So-called “mindful mediation” that focuses on the present rather than letting the mind drift may help to lower levels of the stress hormone cortisol, which has been linked to a variety of physical and mental health problems, a new study suggests.
Researchers with the Shamatha Project at the University of California-Davis, found that a group of volunteers who participated in an intensive, three-month meditation retreat were able to lower their levels of cortisol, measured in samples of the participants’ saliva.
"This is the first study to show a direct relation between resting cortisol and scores on any type of mindfulness scale," said Tonya Jacobs, a postdoctoral researcher at the UC-Davis Center for Mind and Brain who helped conduct the study, published in the journal Health Psychology.
"The more a person reported directing their cognitive resources to immediate sensory experience and the task at hand, the lower their resting cortisol," Jacobs said.
High levels of cortisol, a hormone produced by the adrenal gland, are associated with physical or emotional stress. Prolonged release of the hormone can have serious adverse effects on a number of physiological systems, Jacobs noted.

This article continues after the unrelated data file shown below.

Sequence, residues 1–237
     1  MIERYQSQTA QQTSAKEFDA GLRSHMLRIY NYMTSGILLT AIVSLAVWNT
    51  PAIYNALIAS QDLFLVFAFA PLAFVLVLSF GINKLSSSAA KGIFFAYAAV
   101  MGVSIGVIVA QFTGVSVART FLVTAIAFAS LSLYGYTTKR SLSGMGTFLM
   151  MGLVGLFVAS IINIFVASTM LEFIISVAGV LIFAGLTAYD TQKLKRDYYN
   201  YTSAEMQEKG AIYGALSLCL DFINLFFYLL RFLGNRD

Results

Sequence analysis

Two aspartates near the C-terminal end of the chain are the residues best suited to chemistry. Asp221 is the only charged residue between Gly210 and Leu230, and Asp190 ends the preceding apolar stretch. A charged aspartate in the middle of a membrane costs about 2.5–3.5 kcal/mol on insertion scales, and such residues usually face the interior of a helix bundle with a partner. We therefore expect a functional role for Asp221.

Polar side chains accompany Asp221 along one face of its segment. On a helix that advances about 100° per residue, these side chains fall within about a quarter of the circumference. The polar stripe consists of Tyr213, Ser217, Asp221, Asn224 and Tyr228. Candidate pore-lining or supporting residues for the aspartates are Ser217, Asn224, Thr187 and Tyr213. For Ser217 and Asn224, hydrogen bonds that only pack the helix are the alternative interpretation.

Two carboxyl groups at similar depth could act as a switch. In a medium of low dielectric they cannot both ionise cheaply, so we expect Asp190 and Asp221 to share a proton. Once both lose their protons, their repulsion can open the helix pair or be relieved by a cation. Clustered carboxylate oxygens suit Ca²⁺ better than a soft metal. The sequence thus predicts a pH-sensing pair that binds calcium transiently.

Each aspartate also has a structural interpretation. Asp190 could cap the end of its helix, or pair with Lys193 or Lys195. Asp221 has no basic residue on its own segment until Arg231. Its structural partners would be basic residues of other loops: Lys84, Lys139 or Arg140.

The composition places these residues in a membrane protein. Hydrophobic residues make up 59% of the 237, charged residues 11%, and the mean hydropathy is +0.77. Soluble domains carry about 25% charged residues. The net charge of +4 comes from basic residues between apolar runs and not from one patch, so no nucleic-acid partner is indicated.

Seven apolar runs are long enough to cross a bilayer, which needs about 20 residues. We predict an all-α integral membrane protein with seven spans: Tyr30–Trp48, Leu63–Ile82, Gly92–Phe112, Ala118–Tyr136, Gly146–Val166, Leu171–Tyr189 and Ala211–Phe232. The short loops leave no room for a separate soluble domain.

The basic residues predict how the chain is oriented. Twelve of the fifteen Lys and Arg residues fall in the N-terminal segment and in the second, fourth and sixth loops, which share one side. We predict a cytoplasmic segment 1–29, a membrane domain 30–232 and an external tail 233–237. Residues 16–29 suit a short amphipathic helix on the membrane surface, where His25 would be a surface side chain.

The new findings are the latest to come from the Shamatha Project, a long-term study of the effects of meditation training on mind and body.
According to Jacobs, training the mind to focus on immediate experience may reduce the tendency to ruminate about stress-inducing past experiences or worry about the future.
"The idea that we can train our minds in a way that fosters healthy mental habits and that these habits may be reflected in mind-body relations is not new; it's been around for thousands of years across various cultures and ideologies," Jacobs said. "However, this idea is just beginning to be integrated into Western medicine as objective evidence accumulates. Hopefully, studies like this one will contribute to that effort."
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